by Lutz Dornbusch, Senior Consultant, Polarion Professional ServicesSubversion 1.7 is a release mostly devoid of new features, but with many performance improvements. From some users’ highly appreciated WC-NG to mostly invisible HTTPv2, the question is what to expect from these improvements.
Because Polarion’s application lifecycle management products are built on top of Subversion, making SVN a core issue for our customers, we felt the need to highlight and benchmark some of the most visible performance boosts of SVN 1.7. I conducted tests with several key SVN operations and found some results impressive enough to suggest that upgrading to SVN is probably worthwhile for most users. But there are some important caveats as well, especially on the client side (at the time of this writing).
In this article, I'll share the results of my performance evaluation of Subversion 1.7 and recommendations for upgrading. If you like, you can download a PDF of this article (open download, no registration).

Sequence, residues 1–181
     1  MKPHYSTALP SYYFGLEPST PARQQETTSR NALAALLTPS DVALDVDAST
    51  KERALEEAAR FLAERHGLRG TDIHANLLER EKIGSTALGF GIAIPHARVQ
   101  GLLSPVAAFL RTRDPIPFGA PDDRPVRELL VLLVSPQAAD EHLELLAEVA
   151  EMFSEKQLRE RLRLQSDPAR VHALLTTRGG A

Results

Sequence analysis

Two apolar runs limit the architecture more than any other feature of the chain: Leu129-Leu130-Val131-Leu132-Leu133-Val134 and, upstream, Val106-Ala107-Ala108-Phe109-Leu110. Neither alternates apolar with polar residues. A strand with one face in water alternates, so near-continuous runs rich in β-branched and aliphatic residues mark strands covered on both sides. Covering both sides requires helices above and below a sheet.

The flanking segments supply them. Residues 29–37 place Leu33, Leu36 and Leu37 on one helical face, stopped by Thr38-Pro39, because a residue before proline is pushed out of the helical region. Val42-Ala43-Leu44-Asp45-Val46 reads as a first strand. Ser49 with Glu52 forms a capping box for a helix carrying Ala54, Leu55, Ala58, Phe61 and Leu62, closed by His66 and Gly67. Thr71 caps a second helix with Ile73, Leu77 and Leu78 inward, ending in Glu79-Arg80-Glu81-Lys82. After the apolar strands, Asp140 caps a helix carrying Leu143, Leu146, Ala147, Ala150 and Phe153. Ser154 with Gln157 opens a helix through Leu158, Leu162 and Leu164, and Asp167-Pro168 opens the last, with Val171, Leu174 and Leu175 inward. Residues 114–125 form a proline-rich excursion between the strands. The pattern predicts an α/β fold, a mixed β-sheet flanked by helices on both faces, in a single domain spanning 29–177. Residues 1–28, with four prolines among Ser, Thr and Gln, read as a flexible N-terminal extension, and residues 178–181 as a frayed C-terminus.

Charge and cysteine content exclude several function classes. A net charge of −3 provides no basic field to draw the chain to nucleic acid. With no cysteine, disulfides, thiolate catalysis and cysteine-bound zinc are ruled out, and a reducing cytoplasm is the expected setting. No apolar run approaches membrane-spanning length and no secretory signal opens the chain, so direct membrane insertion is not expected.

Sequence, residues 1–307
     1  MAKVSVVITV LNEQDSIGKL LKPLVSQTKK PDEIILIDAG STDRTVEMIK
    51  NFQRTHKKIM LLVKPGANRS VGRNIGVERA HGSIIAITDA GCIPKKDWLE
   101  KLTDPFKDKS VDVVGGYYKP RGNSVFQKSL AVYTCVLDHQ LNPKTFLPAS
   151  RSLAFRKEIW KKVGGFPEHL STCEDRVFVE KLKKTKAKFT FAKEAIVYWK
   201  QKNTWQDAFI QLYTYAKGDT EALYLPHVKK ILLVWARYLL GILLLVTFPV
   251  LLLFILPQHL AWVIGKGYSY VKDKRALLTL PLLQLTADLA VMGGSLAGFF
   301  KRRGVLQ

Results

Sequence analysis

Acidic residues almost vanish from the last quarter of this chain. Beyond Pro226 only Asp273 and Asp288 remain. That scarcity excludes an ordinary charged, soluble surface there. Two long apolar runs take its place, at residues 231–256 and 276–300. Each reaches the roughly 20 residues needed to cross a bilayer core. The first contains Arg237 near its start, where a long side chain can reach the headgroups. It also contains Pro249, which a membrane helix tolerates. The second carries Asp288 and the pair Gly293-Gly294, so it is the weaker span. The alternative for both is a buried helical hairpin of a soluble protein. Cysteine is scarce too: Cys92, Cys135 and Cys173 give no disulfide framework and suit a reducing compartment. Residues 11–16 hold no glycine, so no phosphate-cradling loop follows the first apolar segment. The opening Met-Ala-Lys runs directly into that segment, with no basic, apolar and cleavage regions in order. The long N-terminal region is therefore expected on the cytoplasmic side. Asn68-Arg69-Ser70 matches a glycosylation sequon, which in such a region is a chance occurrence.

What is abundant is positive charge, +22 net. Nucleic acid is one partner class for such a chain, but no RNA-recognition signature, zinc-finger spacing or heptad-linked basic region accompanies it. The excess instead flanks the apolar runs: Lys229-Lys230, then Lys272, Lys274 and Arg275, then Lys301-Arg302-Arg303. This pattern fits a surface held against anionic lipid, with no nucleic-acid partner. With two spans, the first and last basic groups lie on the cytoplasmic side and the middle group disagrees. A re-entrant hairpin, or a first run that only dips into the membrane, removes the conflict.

Before you start reading - some handy links I'd like to share with you:
I measured mostly on a small 1.6 GHz dual-core laptop. The reason is that even if I have faster hardware for production, I want to see performance under low-tech conditions. But I also included some datasets on a high-end computer to compare improvements. I also tested “Windows only”, as this is the OS our customers are using most.
I usually performed all commands 10 times, threw out the best and worst performance times, and calculated the average of the rest. On some tests, like svn log when caching jumps in, I used only the first (much higher) value. I used a locally-installed Apache to circumvent nearly all network latency. Since that is different everywhere and always, I decided to push it out of the equation. I also performed some checkouts on a SSD to rule out HD performance effects.
The Candidate Commands
I was only interested in these three SVN commands:
These three commands are the ones Subversion users most often blame for their low performance.
Note that svn status operates without a server connection so it is HD-bound and therefore caching is significantly affecting the measurement, which is why I used the first measured value.
Test Machine Specs